When the students enter the classroom today, they find the Smartboard screen filled with "As Seen on TV Products". Their excitement is audible as they exclaim, "Oh! I want that!" and "I saw that on TV!!"
I tell them that these are products that my children have on their Christmas lists and I am trying to find out if they're worth the money or not because sometimes things you buy on TV break or don't do what they advertise. I hand out the quick write to get their brains flowing with ideas of times when they've received something that hasn't worked out the way they thought it would.
A Note Here: Many of my students have never received nor ordered anything As Seen On TV so I've framed the quick write for any product so when they say, "I've never gotten anything from the TV", it's OK to write about any product that hasn't met their expectation.
After the students finish their quick write (usually 5 minutes or so), I give them time to share with their groups and then choose a few to share with the class. I ask them what would have helped them make a decision whether or not to buy their item. They said, "If I knew someone who had it" and "Playing with it first." I asked the students if they have ever bought or not bought something based on what another person says. Some kiddos say yes, especially video games.
I tell them that today they are going to help me make a decision to buy one of these things for my kids. Using our ancient lap tops, each kiddo gets a computer and will search the customer reviews at Amazon.com to determine whether or not I should buy any of these items.
I give each student a packet which includes pages for things to look for for each product. At this point I don't give them instructions for navigating Amazon because I want to keep it as real life as possible. As a grown up, when I come across a new website, there are no instructions for how to navigate it. This is a problem based approach. The problem is you need to find reviews of the products and decide whether or not I should buy any of them.
I do, however, go through the assignment's directions and expectations so that no one is surprised or confused and then we get to work.
I went back and forth with having the students analyze one product, a couple of products, all of the products or just what they could get done in a class period, but when we were in the middle of this, they were so engaged that I asked them what they wanted to do. They overwhelmingly decided that they wanted to research all of the products so... this gets continued tomorrow!!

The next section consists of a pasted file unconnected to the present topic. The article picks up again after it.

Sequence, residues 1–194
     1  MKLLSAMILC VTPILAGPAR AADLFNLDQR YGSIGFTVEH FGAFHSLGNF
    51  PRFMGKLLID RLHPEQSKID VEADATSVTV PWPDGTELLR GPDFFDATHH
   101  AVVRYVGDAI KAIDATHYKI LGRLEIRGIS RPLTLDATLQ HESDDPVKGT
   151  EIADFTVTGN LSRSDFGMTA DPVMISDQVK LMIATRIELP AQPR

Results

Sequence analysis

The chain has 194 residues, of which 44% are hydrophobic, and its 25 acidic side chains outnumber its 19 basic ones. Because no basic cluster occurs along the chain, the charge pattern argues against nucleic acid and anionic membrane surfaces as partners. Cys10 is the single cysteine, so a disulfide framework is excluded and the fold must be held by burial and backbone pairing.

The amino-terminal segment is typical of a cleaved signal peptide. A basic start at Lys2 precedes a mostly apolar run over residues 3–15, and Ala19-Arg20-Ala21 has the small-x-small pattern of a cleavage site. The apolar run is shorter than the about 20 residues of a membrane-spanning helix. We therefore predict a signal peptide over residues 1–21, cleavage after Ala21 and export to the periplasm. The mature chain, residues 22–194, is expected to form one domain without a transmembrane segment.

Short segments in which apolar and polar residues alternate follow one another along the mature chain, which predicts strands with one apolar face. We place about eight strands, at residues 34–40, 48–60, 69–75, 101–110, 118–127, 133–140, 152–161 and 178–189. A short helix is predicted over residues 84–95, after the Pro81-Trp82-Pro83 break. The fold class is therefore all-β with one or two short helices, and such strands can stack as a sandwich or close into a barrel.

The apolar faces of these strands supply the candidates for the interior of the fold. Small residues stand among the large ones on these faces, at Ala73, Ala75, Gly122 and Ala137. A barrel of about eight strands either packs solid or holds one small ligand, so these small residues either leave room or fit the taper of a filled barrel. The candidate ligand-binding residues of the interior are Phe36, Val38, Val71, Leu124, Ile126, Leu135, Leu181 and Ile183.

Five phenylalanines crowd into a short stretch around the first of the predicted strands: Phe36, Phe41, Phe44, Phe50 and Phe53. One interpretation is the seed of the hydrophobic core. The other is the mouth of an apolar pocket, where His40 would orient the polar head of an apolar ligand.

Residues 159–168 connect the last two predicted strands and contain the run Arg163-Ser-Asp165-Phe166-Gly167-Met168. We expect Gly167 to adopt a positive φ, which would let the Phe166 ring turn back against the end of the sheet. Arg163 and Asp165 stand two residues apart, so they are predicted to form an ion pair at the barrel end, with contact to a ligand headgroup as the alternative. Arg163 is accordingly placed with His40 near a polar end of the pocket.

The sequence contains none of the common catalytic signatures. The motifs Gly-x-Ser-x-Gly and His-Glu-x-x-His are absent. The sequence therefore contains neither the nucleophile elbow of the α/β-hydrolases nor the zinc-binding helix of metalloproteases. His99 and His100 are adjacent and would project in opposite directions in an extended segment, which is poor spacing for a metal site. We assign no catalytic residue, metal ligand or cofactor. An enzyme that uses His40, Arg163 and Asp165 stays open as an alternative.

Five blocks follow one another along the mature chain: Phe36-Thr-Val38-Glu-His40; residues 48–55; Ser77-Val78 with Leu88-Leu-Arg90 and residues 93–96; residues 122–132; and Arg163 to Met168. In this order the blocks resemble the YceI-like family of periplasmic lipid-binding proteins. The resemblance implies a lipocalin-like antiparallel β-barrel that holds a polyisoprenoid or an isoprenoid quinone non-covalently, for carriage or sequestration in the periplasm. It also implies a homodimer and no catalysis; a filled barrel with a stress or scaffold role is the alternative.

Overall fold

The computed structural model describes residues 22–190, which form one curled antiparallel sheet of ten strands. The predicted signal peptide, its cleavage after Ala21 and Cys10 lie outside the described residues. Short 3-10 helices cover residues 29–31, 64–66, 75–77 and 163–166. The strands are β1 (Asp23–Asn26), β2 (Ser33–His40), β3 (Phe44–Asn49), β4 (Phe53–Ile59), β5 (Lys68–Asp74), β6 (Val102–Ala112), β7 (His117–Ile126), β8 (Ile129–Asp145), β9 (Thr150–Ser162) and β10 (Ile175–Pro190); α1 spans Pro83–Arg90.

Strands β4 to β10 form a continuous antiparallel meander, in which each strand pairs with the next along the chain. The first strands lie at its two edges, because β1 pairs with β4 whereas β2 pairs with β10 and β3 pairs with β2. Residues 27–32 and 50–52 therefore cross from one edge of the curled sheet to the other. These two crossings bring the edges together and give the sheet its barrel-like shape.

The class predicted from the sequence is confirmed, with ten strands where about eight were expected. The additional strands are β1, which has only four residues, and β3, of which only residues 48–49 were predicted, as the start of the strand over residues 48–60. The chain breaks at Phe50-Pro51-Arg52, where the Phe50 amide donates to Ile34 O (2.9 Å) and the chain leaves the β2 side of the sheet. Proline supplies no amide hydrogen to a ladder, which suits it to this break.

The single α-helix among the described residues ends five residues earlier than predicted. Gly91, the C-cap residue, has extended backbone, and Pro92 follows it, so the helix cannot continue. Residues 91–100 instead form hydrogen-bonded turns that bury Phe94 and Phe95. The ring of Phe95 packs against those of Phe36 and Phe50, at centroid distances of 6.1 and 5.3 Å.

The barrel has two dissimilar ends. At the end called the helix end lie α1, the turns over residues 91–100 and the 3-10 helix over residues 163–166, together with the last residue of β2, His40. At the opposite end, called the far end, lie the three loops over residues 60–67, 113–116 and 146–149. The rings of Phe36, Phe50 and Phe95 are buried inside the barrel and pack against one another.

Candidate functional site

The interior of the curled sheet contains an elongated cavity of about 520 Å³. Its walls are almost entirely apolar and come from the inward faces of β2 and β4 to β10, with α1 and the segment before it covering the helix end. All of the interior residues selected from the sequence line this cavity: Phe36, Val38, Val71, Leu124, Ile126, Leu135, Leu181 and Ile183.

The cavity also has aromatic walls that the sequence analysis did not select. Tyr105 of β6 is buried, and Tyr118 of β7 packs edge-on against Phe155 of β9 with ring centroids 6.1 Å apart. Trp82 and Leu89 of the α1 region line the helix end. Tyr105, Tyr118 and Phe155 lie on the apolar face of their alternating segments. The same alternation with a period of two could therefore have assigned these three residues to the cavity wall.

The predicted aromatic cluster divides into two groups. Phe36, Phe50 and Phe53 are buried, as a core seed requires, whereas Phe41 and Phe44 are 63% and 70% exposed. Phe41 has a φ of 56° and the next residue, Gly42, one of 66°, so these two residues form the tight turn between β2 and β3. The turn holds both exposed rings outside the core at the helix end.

I collect the packets and some students ask if they can do some research at home, which of course I allow and I do a final check in to see how many products they had gotten done today. Most had two or three done so I figured one more day would suffice.
This reflection makes me laugh a little when I look at all the tags!! I find that all of these fit the subject though. I have found in my many years of teaching that the more ownersip I give to my students the higher they perform. I remember when I was starting out, I controlled a lot of what went on in my class because I was afraid of losing control. Experience and wisdom has taught me that I get more control by building a relationship of trust and respect with my students. In this project, like in many others, I let the students control where it goes. What difference does it make to me if I spend one or two days on the reviews? If it matters to them it matters to me and this is why I let them decide our direction.
In fact, there are many times when I'm unsure in the planning stage, I ask the kids where to go or what they'd rather or how long they need. They let me know what interests them and what their needs are. Teaching my students to be advocates for themselves will get them much further in life than if I stay on course with my lesson plan book!!